Plaintiff's remaining claims are against Defendants Fleckenstein and Kosmowski for the deprivation of food, against Defendants Fleckenstein and Kump for the confiscation and reading of legal documents,*fn1 against Fleckenstein for excessive force, and against Kosmowski for the failure to intervene in the assault by Fleckenstein. The parties each now move for summary judgment in their favor.*fn2
Summary judgment is appropriate where the materials in the record, including depositions, documents, affidavits or declarations, and stipulations, show that there are no genuine issues regarding any material fact and that the movant is entitled to judgment as a matter of law. see FED.R.CIV.P. 56 (a), (c); Celotex Corp. v. Catrett, 477 U.S. 317, 322-323, 106 S.Ct. 2548, 91 L.Ed.2d 265 (1986). A court's function on a summary judgment motion "is not to resolve disputed questions of fact but only to determine whether, as to any material issue, a genuine factual dispute exists." Kaytor v. Electric Boat Corp., 609 F.3d 537, 545 (2d Cir. 2010). A dispute regarding a material fact is genuine "if the evidence is such that a reasonable jury could return a verdict for the nonmoving party. " Anderson v. Liberty Lobby, Inc., 477 U.S. 242, 248, 106 S.Ct. 2505, 91 L.Ed.2d 202 (1986). When making that determination, a court must "construe the facts in the light most favorable to the non-moving party and must resolve all ambiguities and draw all reasonable inferences against the movant." Dallas Aerospace, Inc. v. CIS Air Corp., 352 F.3d 775, 780 (2d Cir. 2003).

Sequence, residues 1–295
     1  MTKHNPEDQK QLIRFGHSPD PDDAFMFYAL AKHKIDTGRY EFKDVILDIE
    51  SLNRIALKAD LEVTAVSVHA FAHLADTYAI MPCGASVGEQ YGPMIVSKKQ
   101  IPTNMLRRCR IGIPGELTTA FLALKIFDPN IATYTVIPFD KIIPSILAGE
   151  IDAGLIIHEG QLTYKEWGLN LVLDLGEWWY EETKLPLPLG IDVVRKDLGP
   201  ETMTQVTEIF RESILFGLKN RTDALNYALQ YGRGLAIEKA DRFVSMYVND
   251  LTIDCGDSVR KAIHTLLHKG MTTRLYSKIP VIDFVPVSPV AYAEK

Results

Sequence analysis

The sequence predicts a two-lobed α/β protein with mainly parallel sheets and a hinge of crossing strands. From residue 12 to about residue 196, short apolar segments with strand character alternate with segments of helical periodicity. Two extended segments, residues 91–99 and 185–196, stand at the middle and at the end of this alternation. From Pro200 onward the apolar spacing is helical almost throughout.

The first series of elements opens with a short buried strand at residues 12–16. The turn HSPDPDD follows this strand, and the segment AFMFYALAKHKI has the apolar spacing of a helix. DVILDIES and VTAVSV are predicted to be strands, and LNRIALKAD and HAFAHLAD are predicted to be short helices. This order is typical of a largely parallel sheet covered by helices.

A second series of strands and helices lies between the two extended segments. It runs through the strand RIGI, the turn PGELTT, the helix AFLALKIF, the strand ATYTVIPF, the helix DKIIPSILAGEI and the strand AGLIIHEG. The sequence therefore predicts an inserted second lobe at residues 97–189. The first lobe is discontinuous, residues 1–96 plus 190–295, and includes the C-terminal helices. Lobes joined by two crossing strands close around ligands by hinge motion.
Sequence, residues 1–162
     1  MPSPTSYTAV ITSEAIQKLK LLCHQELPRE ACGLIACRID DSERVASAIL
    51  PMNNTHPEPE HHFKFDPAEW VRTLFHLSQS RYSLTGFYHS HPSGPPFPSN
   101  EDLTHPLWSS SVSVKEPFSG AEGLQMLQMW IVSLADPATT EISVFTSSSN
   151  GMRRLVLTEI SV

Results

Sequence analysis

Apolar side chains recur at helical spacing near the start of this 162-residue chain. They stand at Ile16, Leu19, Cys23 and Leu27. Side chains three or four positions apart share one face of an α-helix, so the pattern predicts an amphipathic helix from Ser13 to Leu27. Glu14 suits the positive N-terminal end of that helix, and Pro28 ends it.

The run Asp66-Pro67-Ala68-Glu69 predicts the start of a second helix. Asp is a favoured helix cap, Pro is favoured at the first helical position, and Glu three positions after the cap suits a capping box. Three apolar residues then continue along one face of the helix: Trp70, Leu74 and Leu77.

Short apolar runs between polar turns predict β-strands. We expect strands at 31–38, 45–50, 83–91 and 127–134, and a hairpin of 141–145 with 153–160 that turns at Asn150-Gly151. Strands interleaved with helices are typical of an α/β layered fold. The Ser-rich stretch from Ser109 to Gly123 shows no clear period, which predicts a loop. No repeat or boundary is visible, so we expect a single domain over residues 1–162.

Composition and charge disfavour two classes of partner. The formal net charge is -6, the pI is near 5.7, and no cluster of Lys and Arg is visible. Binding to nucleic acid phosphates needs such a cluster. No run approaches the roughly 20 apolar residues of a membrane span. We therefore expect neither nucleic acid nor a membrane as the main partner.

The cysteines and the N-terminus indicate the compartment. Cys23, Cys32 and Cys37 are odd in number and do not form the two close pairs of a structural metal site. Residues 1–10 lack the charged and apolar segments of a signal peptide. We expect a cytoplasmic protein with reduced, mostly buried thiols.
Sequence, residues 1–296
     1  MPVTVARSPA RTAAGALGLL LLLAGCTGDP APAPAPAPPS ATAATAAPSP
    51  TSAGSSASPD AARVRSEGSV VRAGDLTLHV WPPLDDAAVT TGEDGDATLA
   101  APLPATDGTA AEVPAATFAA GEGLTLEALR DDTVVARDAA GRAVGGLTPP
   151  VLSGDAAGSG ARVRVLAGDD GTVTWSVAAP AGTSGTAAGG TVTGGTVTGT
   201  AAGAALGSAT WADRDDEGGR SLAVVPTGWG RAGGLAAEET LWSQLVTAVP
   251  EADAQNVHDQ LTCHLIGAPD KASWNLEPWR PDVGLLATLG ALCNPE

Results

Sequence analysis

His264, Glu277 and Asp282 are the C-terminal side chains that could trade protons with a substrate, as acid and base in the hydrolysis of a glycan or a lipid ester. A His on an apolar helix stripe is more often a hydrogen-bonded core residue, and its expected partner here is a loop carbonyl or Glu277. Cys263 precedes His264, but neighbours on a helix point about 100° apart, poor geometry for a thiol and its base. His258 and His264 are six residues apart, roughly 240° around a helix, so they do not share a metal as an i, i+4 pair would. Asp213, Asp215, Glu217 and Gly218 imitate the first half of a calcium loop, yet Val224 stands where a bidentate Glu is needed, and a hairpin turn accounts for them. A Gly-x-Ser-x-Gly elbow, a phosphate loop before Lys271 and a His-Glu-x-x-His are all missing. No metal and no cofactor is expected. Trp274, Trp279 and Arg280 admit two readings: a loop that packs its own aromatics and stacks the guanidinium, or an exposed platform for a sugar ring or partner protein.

Further, "[i]t is well established that the submissions of a pro se litigant must be construed liberally and interpreted 'to raise the strongest arguments that they suggest.' " Triestman v. Federal Bureau of Prisons, 470 F.3d 471, 474 (2d Cir. 2006)(emphasis in original), quoting Pabon v. Wright, 459 F.3d 241, 248 (2d Cir. 2006). Nonetheless, "proceeding pro se does not otherwise relieve a litigant from the usual requirements of summary judgment." Castro v. 32BJ Union, 800 F.Supp.2d 586, 591 (S.D.N.Y. 2011)(internal quotation marks omitted).